“It’s worth noting that information requests to FDA may be necessary to gain access to certain types of regulatory data, such as sponsor-regulator correspondence,” Egilman told Focus. “I was also surprised FDA released individual patient-level data, albeit heavily redacted, as I am unaware of a previous instance where they have released these data.”
Opportunities for improving transparency
Egilman noted each agency has an opportunity to improve transparency in its handling of clinical data involved in regulatory review. FDA, for example, can match HC and EMA by proactively publishing CSRs and other summary-level clinical data—but these actions should also include medical devices and unapproved or withdrawn products. Each agency should also seek to make policies that share individual patient data, he said.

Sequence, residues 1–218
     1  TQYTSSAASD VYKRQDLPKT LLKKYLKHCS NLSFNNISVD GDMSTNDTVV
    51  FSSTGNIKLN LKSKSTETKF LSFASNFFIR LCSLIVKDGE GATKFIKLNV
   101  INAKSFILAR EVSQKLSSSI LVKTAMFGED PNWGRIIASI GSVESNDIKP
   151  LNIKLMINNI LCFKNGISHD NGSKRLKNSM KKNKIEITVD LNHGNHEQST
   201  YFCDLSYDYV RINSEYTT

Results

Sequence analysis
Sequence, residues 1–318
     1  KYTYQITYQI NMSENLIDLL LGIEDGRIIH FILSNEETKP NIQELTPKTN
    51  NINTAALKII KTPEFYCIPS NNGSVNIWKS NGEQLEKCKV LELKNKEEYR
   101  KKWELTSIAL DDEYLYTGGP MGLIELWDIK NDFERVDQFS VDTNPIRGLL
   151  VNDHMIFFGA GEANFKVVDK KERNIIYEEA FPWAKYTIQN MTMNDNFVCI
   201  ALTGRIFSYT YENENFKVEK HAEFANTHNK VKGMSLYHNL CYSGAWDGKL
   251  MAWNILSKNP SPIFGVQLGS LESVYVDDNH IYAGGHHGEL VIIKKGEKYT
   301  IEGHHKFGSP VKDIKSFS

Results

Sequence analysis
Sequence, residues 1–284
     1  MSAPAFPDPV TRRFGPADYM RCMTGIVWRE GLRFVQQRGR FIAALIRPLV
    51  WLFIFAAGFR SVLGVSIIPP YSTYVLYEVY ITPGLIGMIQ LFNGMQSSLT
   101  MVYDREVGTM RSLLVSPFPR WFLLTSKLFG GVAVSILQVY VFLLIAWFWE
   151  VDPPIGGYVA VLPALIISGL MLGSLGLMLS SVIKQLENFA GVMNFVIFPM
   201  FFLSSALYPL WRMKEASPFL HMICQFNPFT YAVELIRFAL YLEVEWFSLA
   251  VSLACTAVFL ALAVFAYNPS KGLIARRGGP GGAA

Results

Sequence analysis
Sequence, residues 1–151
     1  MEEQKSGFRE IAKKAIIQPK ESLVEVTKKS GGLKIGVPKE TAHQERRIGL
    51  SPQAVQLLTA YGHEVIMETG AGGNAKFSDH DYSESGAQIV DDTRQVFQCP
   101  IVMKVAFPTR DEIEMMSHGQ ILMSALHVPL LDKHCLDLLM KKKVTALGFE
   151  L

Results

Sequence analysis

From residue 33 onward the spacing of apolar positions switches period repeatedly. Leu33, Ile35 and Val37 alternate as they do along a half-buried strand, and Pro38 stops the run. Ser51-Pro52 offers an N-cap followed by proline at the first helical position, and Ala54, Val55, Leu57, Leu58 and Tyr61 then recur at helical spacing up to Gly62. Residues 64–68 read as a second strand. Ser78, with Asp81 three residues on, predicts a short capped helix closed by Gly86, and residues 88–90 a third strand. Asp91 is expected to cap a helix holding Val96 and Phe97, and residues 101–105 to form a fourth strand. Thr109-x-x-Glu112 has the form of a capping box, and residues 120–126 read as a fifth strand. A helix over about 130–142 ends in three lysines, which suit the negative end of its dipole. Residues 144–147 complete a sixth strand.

Some agencies, such as EMA and FDA, also have citizenship requirements for requesting clinical data, which should be removed, Egilman explained. In addition, financial barriers to requesting information exist, such as through the United States’ FOIA. EMA and FDA can also improve by adopting a public online portal for posting requested clinical data, such as the one HC provides, Egilman said.
“I think the biggest obstacle to achieving increased transparency at FDA is agency inaction,” he said. “There needs to be greater political will both in the leadership at FDA and in the White House to push for greater clinical data transparency. The eroding public trust in FDA during the COVID-19 pandemic has further demonstrated the importance for FDA to enhance transparency of the clinical data of drugs, vaccines, and other medical products that it relies on to make decisions.”